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April 29, 2010

Kurt Vonnegut on what we can learn by graphing a story

Kurt Vonnegut at the Blackboard - Lapham’s Quarterly
I want to share with you something I’ve learned. I’ll draw it on the blackboard behind me so you can follow more easily [draws a vertical line on the blackboard]. This is the G-I axis: good fortune-ill fortune. Death and terrible poverty, sickness down here—great prosperity, wonderful health up there. Your average state of affairs here in the middle [points to bottom, top, and middle of line respectively]. This is the B-E axis. B for beginning, E for entropy. Okay. Not every story has that very simple, very pretty shape that even a computer can understand [draws horizontal line extending from middle of G-I axis]. Now let me give you a marketing tip. The people who can afford to buy books and magazines and go to the movies don’t like to hear about people who are poor or sick, so start your story up here [indicates top of the G-I axis]. You will see this story over and over again. People love it, and it is not copyrighted. The story is “Man in Hole,” but the story needn’t be about a man or a hole. It’s: somebody gets into trouble, gets out of it again [draws line A]. It is not accidental that the line ends up higher than where it began. This is encouraging to readers. Another is called “Boy Meets Girl,” but this needn’t be about a boy meeting a girl [begins drawing line B]. It’s: somebody, an ordinary person, on a day like any other day, comes across something perfectly wonderful: “Oh boy, this is my lucky day!” … [drawing line downward]. “Shit!” … [drawing line back up again]. And gets back up again. . . .
This ends up somewhere really intriguing. Please click through.

"When I heard the Learn’d Astronomer " by Walt Whitman

"WHEN I heard the learn’d astronomer; When the proofs, the figures, were ranged in columns before me; When I was shown the charts and the diagrams, to add, divide, and measure them; When I, sitting, heard the astronomer, where he lectured with much applause in the lecture-room, How soon, unaccountable, I became tired and sick; 5 Till rising and gliding out, I wander’d off by myself, In the mystical moist night-air, and from time to time, Look’d up in perfect silence at the stars."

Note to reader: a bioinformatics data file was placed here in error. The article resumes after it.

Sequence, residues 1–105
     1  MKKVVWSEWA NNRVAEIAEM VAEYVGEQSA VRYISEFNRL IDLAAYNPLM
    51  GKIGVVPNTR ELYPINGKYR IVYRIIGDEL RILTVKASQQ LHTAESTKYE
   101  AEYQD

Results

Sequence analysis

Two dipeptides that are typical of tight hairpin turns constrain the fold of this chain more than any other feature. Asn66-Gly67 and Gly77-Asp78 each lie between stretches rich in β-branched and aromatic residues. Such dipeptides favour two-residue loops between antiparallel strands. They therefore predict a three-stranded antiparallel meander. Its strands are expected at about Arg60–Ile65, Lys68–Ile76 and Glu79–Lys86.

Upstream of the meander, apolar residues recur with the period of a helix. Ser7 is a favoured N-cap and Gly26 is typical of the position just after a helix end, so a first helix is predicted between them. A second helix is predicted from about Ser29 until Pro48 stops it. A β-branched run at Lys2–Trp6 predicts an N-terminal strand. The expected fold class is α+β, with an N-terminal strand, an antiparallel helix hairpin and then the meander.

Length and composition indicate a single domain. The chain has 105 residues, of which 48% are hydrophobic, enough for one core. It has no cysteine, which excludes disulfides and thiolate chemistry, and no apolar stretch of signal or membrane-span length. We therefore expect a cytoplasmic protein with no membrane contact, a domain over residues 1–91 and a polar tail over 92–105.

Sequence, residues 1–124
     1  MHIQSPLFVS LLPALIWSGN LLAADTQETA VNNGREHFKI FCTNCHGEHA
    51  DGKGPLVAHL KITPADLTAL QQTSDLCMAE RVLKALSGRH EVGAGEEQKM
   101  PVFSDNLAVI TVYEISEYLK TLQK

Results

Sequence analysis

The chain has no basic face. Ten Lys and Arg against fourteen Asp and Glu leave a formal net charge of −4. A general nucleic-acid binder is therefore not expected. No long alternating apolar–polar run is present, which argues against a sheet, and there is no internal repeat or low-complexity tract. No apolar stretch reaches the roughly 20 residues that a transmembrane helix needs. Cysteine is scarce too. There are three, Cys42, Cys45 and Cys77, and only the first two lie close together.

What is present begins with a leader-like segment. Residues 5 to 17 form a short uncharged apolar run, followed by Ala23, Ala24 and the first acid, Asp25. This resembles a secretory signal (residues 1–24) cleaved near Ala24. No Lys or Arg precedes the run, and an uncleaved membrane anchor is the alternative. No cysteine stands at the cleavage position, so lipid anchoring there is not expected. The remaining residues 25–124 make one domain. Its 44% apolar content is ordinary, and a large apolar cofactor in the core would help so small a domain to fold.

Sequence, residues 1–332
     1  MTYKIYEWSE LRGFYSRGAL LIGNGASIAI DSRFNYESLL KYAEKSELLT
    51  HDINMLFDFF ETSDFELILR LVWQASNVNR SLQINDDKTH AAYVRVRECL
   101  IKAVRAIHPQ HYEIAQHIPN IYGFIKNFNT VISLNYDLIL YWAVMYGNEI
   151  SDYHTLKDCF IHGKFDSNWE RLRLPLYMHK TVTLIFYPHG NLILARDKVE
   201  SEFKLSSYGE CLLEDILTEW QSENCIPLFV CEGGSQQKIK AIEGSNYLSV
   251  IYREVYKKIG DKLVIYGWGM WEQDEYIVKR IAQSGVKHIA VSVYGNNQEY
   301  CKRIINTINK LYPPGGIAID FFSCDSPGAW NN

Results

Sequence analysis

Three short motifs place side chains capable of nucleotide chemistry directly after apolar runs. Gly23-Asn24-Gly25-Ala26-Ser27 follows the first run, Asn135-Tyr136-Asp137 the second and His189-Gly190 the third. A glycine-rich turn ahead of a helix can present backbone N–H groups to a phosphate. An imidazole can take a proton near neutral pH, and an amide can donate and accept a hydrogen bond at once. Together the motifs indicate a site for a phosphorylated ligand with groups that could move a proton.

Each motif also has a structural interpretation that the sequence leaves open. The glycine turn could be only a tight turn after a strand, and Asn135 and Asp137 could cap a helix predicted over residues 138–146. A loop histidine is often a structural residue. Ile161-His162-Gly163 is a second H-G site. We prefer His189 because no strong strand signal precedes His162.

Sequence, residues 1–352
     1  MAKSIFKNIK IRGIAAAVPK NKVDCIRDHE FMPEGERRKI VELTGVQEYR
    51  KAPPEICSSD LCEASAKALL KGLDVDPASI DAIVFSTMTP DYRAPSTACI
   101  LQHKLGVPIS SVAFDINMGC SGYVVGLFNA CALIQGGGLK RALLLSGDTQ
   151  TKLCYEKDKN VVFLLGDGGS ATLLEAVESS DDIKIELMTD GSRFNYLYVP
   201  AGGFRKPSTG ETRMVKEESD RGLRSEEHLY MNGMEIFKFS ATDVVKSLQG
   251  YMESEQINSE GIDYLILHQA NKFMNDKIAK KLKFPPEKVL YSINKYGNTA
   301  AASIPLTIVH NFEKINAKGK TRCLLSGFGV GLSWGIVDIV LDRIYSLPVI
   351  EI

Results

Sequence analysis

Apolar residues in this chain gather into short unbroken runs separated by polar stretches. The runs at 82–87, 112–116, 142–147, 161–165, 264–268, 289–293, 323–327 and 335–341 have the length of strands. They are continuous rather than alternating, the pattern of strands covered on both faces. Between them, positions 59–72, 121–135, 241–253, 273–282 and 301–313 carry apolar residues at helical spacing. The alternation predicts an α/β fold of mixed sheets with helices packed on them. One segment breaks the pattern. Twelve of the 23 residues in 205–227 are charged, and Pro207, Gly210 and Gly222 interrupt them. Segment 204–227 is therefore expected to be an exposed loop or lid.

War and Peace's lost footnote

War and Peace: The Missing Footnote
I finally read War and Peace - a great book of course, but one minor bit of self-censorship on Tolstoy’s part caught my eye. The context is just before the Battle of Krasnoi as the Russian army is about to crush the last remnants of Napoleon’s Grande Armée retreating from Moscow. Field Marshall Kutuzov first tells his gathered troops to consider that the French are human too and have suffered along with them. Then, after a dramatic pause he continues: “But, that said, who invited them here? It’s their own doing, f… th… in the f…”, he suddenly said, raising his head.” (Book 4, Chapter VI, p. 1089 of this edition.) So what could this be: “f… th… in the f…” ?
After much sleuthing, the investigator comes to this conclusion:
So this is the original phrase: “мать твою в гузно” The reason my colleagues didn’t recognize it is that it is a rather old fashioned phrase, and one that would have only been used by an old man, such as Kutuzov, even back then; but the literal meaning still carries a sting: “Mother’s ass fuckers.”

April 22, 2010

Indiana University professor restructures class with experience points, quests, guilds

University class swaps grades for experience points - Plugged In - Yahoo! Games Intriguing. This gives new meaning to the term "grinders," eh?
Inspired by popular video games like World of Warcraft, an Indiana University professor is applying game design principles such as clear, well-defined goals and gradual, incremental rewards to his college classes. A hit with students, the approach has some employers showing interest, too. Students at several of Indiana University's game design courses begin their class with zero "experience points," which corresponds to an F grade. Instead of completing presentations, they'll perform "quests;" sitting exams becomes "fighting monsters;" and handing in assignments becomes "crafting." Students even team up into "guilds" to tackle group projects. Setting assessments in the context of video game achievements helps students get motivated, according to the courses' coordinator, Indiana University's Lee Sheldon. "The elements of the class are couched in terms they understand, terms that are associated with fun rather than education," he told iTnews. "We are teaching the gamer, social networking generation."